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"We must know, we will know !" - mathematician David Hilbert (1930)

The Latin maxim ignoramus et ignorabimus, meaning "we do not know and will not know",
stood for a position on the limits of scientific knowledge,
in the thought of the nineteenth century.

(Ignorabimus: statement that the truth can never be known).

It was given credibility by Emil du Bois-Reymond, a German physiologist,
in his Über die Grenzen des Naturerkennens
("On the limits of our understanding of nature") of 1872.

Hilbert's reaction

On the 8th of September 1930, the mathematician David Hilbert pronounced his disagreement
in a celebrated address to the Society of German Scientists and Physicians, in Königsberg:

We must not believe those, who today, with philosophical bearing and deliberative tone,
prophesy the fall of culture and accept the ignorabimus.
For us there is no ignorabimus, and in my opinion none whatever in natural science.

In opposition to the foolish ignorabimus our slogan shall be:

    Wir müssen wissen — wir werden wissen! ('We must know — we will know!')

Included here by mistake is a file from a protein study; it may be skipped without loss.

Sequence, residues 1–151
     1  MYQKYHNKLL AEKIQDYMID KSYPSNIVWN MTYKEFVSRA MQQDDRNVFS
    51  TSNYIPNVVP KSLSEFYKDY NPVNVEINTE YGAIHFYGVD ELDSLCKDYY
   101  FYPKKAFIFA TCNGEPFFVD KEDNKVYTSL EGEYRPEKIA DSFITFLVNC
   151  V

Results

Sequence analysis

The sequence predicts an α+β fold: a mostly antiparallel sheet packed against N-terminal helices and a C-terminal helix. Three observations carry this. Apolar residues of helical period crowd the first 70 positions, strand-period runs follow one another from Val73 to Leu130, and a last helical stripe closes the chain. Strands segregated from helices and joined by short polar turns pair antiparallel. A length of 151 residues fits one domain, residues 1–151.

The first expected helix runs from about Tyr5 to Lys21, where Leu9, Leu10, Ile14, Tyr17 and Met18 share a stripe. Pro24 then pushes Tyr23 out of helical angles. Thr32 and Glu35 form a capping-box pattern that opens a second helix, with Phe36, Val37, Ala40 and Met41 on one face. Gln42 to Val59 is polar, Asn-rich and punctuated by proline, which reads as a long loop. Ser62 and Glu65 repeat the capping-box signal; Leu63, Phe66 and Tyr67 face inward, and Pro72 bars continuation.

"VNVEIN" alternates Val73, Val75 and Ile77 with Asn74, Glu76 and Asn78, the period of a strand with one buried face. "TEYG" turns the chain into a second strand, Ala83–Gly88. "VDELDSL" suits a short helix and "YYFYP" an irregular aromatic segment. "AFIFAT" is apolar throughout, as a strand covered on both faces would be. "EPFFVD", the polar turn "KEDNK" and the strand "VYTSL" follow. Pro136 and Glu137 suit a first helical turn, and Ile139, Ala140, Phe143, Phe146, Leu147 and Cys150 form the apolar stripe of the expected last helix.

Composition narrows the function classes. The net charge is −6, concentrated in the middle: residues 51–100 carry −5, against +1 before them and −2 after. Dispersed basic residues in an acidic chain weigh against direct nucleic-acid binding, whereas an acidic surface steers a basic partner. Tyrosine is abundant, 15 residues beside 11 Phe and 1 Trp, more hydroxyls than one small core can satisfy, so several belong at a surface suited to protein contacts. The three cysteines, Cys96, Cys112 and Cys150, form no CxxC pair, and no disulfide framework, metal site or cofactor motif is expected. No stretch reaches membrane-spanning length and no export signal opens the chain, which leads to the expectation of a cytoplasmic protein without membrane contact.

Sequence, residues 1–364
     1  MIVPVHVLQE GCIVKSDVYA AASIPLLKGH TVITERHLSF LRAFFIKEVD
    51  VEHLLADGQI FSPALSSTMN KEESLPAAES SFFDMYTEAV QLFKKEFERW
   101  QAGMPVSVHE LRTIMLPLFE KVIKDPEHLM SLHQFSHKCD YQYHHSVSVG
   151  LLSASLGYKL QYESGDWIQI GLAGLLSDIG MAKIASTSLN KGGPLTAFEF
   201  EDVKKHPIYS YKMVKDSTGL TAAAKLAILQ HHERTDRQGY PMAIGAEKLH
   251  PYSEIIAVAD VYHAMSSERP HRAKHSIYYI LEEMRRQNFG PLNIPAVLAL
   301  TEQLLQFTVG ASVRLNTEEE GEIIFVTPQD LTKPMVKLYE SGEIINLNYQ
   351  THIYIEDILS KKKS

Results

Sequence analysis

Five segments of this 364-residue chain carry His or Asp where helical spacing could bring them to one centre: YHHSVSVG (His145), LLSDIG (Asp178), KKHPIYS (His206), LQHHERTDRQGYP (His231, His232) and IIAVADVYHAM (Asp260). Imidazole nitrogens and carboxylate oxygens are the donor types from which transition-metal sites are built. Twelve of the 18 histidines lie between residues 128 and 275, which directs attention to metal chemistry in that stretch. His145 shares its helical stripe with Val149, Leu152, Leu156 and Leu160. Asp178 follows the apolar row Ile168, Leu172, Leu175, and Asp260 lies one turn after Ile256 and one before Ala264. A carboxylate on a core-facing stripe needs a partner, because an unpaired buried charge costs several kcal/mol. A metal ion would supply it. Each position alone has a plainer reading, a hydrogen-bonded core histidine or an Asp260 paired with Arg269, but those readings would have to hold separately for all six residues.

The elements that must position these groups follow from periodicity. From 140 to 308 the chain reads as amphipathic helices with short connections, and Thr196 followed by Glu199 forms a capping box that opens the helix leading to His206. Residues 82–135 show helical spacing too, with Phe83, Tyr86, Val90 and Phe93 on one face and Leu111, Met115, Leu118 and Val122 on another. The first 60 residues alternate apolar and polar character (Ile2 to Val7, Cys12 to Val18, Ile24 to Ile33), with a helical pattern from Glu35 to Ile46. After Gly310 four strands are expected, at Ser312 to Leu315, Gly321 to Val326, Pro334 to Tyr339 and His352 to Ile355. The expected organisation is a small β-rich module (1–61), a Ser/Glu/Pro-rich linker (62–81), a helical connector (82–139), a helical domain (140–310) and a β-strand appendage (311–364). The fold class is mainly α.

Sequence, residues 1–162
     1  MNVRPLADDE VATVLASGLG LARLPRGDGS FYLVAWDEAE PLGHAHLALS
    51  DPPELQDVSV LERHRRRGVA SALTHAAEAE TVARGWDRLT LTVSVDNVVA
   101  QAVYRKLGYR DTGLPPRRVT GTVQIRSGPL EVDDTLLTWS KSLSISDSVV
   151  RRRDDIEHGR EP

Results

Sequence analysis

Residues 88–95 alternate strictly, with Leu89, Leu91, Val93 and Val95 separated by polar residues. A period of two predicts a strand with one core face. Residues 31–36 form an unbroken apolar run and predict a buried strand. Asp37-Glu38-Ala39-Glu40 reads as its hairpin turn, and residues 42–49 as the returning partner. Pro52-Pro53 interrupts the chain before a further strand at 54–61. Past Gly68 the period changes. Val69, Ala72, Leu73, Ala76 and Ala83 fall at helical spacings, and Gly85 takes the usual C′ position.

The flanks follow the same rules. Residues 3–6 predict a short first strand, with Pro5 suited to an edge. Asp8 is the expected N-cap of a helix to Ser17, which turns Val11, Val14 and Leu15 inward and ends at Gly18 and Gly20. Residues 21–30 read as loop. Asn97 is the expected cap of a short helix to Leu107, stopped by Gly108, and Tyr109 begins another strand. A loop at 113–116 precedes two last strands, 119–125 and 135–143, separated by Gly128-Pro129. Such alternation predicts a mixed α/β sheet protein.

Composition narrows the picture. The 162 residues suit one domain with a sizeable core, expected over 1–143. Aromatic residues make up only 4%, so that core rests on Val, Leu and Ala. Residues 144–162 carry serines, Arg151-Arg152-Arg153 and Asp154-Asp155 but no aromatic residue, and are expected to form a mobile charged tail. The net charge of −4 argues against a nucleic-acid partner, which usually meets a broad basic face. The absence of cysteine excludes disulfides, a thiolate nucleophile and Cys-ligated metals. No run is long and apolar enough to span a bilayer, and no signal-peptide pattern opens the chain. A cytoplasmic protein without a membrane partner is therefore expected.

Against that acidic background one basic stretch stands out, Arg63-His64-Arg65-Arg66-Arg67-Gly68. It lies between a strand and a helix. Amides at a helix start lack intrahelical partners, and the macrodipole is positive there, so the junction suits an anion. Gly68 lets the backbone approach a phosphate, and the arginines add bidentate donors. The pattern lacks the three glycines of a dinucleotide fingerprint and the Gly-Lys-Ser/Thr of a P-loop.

Even before that he said: "In mathematics there is no ignorabimus."

Hilbert worked with other formalists to establish concrete foundations
for mathematics  in the early 20th century.

However, Gödel's incompleteness theorems showed in 1931 that no finite system of axioms,
if complex enough to express our usual arithmetic, could ever fulfill the goals
of Hilbert's program, demonstrating many of Hilbert's aims impossible,
and establishing limits on mathematical knowledge.


Hilbert's 1930 radio adress in Konigsbergen, Germany:

  1. Audio:

  2. Transcript:

Ignorabimus (statement that the truth can never be known)

Hilbert's program:'s_problems



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